Luke 7:18-35 John and Jesus compared

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There is no pleasing some people, or so it seems.  No matter what is done for them, it is never right.  This applies as much in spiritual things as in any other area of life.  A Christian little involved in society and one thoroughly involved are criticised equally.  We see this with regard to John and Jesus.  We turn now to consider Luke 7:18-35 John and Jesus compared.

1. Healing the sick

            (i). John’s struggle.  John is in prison for his faithful witness to Herod (3:19-20).  Through his disciples he asks Jesus a strange question: ‘Are you the one who was to come, or should we expect someone else?’ (v19).  Why such a question from the man who knew Jesus was ‘the Lamb of God’ (John 1:29)?  Perhaps it was discouragement due to harsh imprisonment.  Maybe John is puzzled by Jesus’ ministry.  Jesus preached good news but where was the judgment also spoken of in Isaiah 61:2?  Why were the enemies of Israel not defeated?  Perhaps John was disappointed by the results of Jesus’ ministry.

            (ii). Jesus’ signs.  Jesus is very gentle with John.  He continues to perform miracles (v21) as a deliberate answer to John.  His disciples are to ‘report what you have seen and heard’ (v25) – healings, raising the dead and especially ‘good news is preached to the poor’, fulfilling OT prophecies such as Isaiah 35:5 and 61:1-2.   These are signs of the Messiah’s identity as the transformer of broken lives and the giver of salvation that is the key to all other blessings.  Hence ‘Blessed is the man who does not fall away on account of me’ (v23) – a challenge to commit to the Messiah as he truly is, not as we might imagine him to be.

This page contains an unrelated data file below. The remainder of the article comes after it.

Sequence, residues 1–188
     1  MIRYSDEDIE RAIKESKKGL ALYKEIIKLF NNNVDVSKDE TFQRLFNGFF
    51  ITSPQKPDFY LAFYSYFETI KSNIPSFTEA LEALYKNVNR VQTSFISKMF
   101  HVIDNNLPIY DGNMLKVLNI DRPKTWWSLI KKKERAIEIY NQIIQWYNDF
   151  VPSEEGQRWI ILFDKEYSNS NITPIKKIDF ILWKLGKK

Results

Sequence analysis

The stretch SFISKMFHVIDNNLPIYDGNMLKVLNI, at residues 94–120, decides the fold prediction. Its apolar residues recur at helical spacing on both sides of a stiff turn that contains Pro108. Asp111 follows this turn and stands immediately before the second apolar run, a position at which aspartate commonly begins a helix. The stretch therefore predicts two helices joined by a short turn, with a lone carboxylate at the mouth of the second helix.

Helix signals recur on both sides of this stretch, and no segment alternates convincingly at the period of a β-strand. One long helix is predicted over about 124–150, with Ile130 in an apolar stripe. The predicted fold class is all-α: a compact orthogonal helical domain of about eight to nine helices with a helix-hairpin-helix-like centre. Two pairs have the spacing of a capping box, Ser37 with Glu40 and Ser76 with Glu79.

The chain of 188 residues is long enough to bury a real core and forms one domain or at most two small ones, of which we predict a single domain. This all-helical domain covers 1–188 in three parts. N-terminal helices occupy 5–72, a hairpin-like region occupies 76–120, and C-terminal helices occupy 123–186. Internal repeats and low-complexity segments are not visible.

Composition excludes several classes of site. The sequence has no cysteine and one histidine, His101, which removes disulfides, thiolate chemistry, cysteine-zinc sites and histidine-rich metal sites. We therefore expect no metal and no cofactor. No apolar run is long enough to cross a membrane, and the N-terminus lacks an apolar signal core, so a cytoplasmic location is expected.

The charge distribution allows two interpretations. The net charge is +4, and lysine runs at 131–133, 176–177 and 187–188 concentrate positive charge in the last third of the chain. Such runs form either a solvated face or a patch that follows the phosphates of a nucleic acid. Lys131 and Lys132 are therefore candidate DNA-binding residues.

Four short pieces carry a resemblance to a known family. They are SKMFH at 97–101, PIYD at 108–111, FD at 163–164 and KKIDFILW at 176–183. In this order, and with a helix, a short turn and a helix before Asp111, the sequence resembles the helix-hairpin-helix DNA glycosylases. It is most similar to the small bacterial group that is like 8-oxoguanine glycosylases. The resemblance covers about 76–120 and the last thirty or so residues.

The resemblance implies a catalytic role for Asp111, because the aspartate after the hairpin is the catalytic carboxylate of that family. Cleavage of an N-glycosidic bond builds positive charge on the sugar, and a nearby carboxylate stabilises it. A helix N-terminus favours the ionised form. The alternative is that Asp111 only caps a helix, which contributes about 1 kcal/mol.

2. Raising the dead

Jesus takes this opportunity to ‘speak to the crowd about John (v24).  Note:

            (i). False expectations.  ‘What did you go out into the desert to see?’ (v24) – the crucial question.  John was not a ‘reed swayed by the wind’ or a ‘man dressed in fine clothes’, but rather a prophet ‘and more than a prophet’ (v26).  A prophet was expected before the coming of the Messiah – but what did the crowd do with his preaching?  The call to repentance was ultimately refused.  Revelation requires a believing response.

            (ii). Fulfilled prophecy.  John’s role did fulfil prophecy, especially Malachi 3:1, the messenger preparing for the Messiah’s coming (as John realised, John 1:23, quoting Isaiah 40:3).  But John was not the Messiah, but a kind of bridge between OT and NT.  Jesus is the ultimate fulfilment of prophecy.  Through him alone sinners enter the kingdom.  Hence the least in the kingdom is greater than John (v28) – our privileges in the kingdom are great.

            (iii). Fickle crowds.  There was a degree of positive response to John’s ministry (v29), but ‘the Pharisees and experts in the law rejected God’s purpose for themselves’ (v30).  They were hardened in self-righteousness.  In v31ff Jesus probes beneath the surface of ‘this generation’ – they rejected John’s ministry and also Jesus’ very different ministry (v33-34).  But godly wisdom could see God at work in both ministries, when grace opens our eyes (v35).

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